Many other jurisdictions – among them Singapore, Hong Kong’s rival for the position of Asia’s leading asset management centre – have modernised their trust law in recent years, in some cases offering a more attractive regime. Will December’s reforms succeed in placing Hong Kong in a better position to compete?
Perhaps the biggest advantage to Hong Kong is likely to come from a removal of restrictions on the length of time a trust may operate. With the changes in effect, it is now possible to create a trust which continues in perpetuity, which could become a significant differentiating factor for Hong Kong. Many popular trust jurisdictions have a fixed maximum period for which a trust can be established, and such time limits can be a concern for families who would like to see a trust continue over several generations.
The other key change concerns settlor powers. Typically, a trust may be invalid if the person establishing it retains control over the assets, which can be an issue for families who wish to actively participate in the management or investment of the trust assets. Under the new law, however, such active participation by the family need not invalidate the trust, which is similar to the approach taken by Singapore.
Forced heirship rules, requiring a proportion of an individual’s estate to pass to certain heirs, typically the spouse or children, upon their death can be an issue for international families. Assets placed in a Hong Kong trust will now be protected from such rules, providing greater flexibility. This is not an option offered by all popular trust jurisdictions.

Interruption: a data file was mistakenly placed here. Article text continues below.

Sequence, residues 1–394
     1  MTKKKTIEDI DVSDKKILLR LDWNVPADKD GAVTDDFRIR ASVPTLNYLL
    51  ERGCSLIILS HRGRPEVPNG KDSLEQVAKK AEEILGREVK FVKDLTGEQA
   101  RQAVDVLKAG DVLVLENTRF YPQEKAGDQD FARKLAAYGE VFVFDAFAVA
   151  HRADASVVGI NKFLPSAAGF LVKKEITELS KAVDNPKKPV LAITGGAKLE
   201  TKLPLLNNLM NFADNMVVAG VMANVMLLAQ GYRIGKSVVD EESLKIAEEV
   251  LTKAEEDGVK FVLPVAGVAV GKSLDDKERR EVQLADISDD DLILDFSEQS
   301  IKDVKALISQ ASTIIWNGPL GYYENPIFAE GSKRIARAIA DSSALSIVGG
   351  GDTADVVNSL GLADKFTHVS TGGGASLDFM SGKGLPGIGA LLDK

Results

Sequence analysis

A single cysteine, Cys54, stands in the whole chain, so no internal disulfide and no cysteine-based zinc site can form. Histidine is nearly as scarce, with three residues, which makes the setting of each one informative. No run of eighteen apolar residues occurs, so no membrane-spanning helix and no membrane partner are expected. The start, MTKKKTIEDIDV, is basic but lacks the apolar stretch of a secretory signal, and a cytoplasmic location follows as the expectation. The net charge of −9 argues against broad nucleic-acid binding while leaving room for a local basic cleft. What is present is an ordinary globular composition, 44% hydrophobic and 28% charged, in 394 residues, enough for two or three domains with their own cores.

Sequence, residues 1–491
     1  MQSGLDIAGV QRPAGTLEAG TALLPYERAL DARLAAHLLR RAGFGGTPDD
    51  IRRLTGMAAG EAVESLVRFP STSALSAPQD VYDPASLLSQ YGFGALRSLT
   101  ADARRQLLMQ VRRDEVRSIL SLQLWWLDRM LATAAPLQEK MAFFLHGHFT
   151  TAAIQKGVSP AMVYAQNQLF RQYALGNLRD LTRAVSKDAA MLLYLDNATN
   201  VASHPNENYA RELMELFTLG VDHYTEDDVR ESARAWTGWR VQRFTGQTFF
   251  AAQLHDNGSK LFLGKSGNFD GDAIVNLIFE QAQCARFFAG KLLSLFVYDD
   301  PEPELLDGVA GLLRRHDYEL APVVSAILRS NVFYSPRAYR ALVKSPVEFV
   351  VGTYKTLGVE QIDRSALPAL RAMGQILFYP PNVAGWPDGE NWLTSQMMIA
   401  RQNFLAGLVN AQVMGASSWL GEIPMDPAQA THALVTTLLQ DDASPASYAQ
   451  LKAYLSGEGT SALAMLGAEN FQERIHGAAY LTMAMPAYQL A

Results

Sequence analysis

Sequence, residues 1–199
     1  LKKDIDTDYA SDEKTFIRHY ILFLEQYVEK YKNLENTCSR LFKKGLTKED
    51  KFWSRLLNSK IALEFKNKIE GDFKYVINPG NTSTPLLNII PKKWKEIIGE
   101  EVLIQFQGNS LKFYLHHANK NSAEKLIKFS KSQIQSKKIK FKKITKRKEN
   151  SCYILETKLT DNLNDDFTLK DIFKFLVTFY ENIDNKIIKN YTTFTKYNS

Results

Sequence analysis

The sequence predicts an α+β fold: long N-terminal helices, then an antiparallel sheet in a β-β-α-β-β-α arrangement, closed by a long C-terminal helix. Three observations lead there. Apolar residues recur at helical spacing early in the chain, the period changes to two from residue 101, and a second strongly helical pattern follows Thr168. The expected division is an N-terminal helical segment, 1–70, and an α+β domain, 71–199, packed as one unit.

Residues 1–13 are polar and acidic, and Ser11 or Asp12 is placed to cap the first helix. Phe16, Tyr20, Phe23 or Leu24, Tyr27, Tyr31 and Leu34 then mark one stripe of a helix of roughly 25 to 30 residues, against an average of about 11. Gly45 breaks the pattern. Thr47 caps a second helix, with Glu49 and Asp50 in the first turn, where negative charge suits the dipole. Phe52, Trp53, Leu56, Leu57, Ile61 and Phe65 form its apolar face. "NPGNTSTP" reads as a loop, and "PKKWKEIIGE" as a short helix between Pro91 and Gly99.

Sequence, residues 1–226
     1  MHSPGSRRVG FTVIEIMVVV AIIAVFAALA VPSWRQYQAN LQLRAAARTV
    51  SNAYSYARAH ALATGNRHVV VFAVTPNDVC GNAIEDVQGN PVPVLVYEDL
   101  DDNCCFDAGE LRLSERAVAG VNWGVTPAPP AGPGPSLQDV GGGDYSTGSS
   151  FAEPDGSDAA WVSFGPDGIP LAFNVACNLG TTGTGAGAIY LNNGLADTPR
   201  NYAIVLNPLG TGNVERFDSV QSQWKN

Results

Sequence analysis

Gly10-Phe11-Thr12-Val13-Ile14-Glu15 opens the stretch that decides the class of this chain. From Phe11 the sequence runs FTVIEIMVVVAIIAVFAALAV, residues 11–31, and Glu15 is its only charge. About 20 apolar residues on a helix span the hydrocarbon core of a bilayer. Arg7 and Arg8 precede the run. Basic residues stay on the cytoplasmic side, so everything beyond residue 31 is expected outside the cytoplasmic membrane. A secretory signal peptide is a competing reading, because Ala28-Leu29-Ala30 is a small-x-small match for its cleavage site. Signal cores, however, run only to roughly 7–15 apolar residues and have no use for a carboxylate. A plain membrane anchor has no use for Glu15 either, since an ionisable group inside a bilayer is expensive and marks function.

The regime also becomes more flexible thanks to new provisions enhancing trustees’ powers. Trustees can now appoint professional asset managers to manage a portfolio of investments, which should simplify administration.
Finally, the amendments also enhance the protection of beneficiaries, bringing trustees’ duties in line with international industry standards. For example, professional trustees will now be held to a higher standard and will no longer be able to exclude liability for wilful misconduct or gross negligence.
The impact – do the reforms go far enough?
Many commentators agree that the changes are timely and welcome but some have highlighted the reforms may not go far enough to appeal to certain client groups.
The changes do adopt a somewhat conservative approach but this is, in fact, likely to be a draw rather than drawback for the Hong Kong regime. Most of the key reservations clients and their advisers had previously in using Hong Kong law trusts have been addressed but the considered nature of the reforms allows Hong Kong to maintain a trust law with credibility.
Against the backdrop of global uncertainty, clients are seeking strong, stable trust structures and perceived credibility of the jurisdictions in which to establish them is an important consideration. Crucially, for families who would not have had Hong Kong even on their long-list of potential jurisdictions for trust structures pre-2013, it is now a real option.
Nisha Singh is a senior associate at international law firm Berwin Leighton Paisner